What we learned about the future of smartwatches at the world's biggest watch show

Baselworld is where mechanical classicism meets the digital cutting edge. But not much…

As that meteorite hurtled towards the earth, the dinosaurs partied on, oblivious.

"Look at us, we're massive! Mammals will never catch on, they're ugly and hairy. We've been here for millions of years and… Ooh, hasn't it gone dark suddenly?" (Bang.)

Baselworld in Switzerland is the world's number one watch show. Its inhabitants are the dinosaurs, the Apple Watch is the meteorite and smartwatches (and wrist-worn wearables in general) are the mammals. Its a torturous analogy, and an exaggerated one, but my English teacher always said to start with a grabby sentence.

Anyway, we just spent two days living it up at Baselworld - and boy do those old, rich, Swiss guys know how to party - and we learned some things. Here is the main one.

Rolex tent

1. Almost nobody who makes the high-end watches that dominate the show gives a hoot about smartwatches.

In terms of organisation, opulence and the rich, strong smell of money, Baselworld - and in particular its three-storey main hall - is head and shoulders above any tech event. All the 50 or so big brands' "stands" are multi-tiered, exquisitely-designed pavilions humming with suited staff, elegant receptionists and helpers, and visited by a steady stream of journalists, buyers and advertisers.

What they all had in common, from Rolex to G-Shock, is that none of them can quite see a compelling use or a way to make money out of smartwatches. They don't think customers really want it. They actually, visibly wince when contemplating the horror of having to charge up a watch daily. Then they say, "We're sponsoring some more yachts this year. Have you met our brand ambassador Felix Baumgartner? He sky-dived from space. Would you like some more Champagne and cheese?"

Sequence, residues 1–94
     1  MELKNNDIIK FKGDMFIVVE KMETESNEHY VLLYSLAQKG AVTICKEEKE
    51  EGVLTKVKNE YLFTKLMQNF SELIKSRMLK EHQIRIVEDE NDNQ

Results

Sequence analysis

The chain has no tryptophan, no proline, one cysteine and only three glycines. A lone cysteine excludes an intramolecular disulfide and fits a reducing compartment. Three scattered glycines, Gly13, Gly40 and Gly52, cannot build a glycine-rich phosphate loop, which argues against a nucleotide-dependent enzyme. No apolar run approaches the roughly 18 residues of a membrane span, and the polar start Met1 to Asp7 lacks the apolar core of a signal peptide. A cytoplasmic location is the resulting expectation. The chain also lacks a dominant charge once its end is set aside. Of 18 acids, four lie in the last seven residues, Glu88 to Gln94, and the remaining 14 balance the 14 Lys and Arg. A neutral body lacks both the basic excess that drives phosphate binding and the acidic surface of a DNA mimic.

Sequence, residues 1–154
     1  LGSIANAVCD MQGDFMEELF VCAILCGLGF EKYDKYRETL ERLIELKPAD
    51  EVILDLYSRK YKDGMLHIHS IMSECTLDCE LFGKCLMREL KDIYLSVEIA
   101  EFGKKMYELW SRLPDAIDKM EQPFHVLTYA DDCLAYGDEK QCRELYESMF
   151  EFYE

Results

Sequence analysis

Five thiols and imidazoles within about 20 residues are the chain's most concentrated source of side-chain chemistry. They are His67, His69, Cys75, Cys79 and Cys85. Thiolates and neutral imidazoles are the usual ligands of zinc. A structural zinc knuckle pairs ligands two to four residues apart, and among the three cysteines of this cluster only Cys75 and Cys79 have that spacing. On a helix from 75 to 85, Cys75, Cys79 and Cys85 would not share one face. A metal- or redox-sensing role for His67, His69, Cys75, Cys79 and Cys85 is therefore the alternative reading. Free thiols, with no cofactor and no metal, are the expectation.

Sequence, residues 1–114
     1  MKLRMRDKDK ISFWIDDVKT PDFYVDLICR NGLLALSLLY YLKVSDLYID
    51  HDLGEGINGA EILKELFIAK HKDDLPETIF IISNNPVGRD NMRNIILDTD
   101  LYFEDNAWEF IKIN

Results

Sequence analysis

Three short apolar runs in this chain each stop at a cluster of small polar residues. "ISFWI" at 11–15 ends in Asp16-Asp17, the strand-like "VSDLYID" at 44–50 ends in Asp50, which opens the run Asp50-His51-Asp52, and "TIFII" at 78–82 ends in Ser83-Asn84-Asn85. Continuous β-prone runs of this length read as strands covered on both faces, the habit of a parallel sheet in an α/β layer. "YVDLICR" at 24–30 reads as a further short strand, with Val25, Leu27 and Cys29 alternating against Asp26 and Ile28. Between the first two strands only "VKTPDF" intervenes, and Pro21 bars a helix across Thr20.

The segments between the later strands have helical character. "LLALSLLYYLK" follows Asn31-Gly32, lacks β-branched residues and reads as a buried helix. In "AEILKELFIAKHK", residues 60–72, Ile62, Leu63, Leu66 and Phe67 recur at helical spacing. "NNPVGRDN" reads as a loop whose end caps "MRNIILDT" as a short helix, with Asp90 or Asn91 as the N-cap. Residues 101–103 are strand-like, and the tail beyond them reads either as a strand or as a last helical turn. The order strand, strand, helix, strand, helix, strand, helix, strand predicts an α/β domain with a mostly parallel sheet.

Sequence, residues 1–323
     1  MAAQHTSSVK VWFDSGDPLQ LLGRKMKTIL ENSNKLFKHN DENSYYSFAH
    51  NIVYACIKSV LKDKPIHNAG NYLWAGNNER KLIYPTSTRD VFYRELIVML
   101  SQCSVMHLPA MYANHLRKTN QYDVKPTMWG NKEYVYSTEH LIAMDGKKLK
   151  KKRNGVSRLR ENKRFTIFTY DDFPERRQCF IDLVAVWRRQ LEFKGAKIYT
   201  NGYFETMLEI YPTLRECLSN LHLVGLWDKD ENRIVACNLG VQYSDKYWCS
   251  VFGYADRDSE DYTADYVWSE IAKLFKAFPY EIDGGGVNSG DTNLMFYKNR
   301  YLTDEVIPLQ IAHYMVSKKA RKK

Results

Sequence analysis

Fact is, in the entire main hall, there was nothing you could really describe as a smartwatch. Although there were some quite interesting semi-smarties that we'll come to later.

Tag shack

2. One man who makes high-end watches DOES give a hoot about smartwatches.

That slightly stopped figure in a stylishly rumpled suit (stylishly rumpled for about 1987, anyway) is Jean-Claude Biver. He's on Tag Heuer's board and has worked at the top level in the watch biz for many years, for Omega, Hublot and Blancpain.

Biver has an air of eccentricity about him, but he is not a dinosaur. He's plunged Tag Heuer into competition with Apple, Samsung, LG and the rest, and he's going in fully armed. There's no pissing about with fitness-track dabbling or message alerts via lights and sounds here. Tag is making an Android Wear watch, in collaboration with Google (obviously) and Intel.

Biver's since dropped hints that it'll retail for around $1,000 and be round.

I must admit, I initially assumed it'd follow the brand's squared off, Monaco form factor (as worn by Steve McQueen) but the reference point is, supposedly, the Carrera – according to Hodinkee.com, Biver bellowed, ""For $1,000 would you rather wear the Apple Watch, or a watch that looks like this Carrera?" – and that's round.

In point of fact, Tag Heuer is noted for its forward-looking approach. It sponsors Formula E, which many of the Formula 1 fans who Tag sell to see as a kind of heresy. Now it's making a smartwatch, which many of its punters probably see in much the same way, only more so. But really, a smartwatch is a continuation for this brand, not a left turn.

Now, another thing about the Carrera this piece will supposedly be based on is that it's a skeleton watch – you can see its inner workings. That would be impossible with a touchscreen; it'll just be another Android Wear, electronic watch but in a fancier case. Right? No sir: wrong!